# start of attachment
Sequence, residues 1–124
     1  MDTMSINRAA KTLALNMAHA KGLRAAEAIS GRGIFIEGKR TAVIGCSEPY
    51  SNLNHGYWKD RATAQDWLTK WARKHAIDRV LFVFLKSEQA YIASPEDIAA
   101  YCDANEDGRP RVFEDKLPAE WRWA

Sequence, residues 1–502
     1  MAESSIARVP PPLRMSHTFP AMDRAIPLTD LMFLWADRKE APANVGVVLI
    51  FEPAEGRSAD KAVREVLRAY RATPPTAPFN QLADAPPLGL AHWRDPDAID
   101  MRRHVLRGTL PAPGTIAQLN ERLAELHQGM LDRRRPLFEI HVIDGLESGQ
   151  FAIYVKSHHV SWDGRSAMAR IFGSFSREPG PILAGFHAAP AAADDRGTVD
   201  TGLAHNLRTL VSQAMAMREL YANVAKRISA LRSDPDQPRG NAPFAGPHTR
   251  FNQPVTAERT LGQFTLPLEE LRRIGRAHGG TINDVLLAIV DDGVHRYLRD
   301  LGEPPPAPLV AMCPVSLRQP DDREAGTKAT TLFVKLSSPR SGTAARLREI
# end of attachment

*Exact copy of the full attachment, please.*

Sequence, residues 1–124
     1  MDTMSINRAA KTLALNMAHA KGLRAAEAIS GRGIFIEGKR TAVIGCSEPY
    51  SNLNHGYWKD RATAQDWLTK WARKHAIDRV LFVFLKSEQA YIASPEDIAA
   101  YCDANEDGRP RVFEDKLPAE WRWA

Sequence, residues 1–502
     1  MAESSIARVP PPLRMSHTFP AMDRAIPLTD LMFLWADRKE APANVGVVLI
    51  FEPAEGRSAD KAVREVLRAY RATPPTAPFN QLADAPPLGL AHWRDPDAID
   101  MRRHVLRGTL PAPGTIAQLN ERLAELHQGM LDRRRPLFEI HVIDGLESGQ
   151  FAIYVKSHHV SWDGRSAMAR IFGSFSREPG PILAGFHAAP AAADDRGTVD
   201  TGLAHNLRTL VSQAMAMREL YANVAKRISA LRSDPDQPRG NAPFAGPHTR
   251  FNQPVTAERT LGQFTLPLEE LRRIGRAHGG TINDVLLAIV DDGVHRYLRD
   301  LGEPPPAPLV AMCPVSLRQP DDREAGTKAT TLFVKLSSPR SGTAARLREI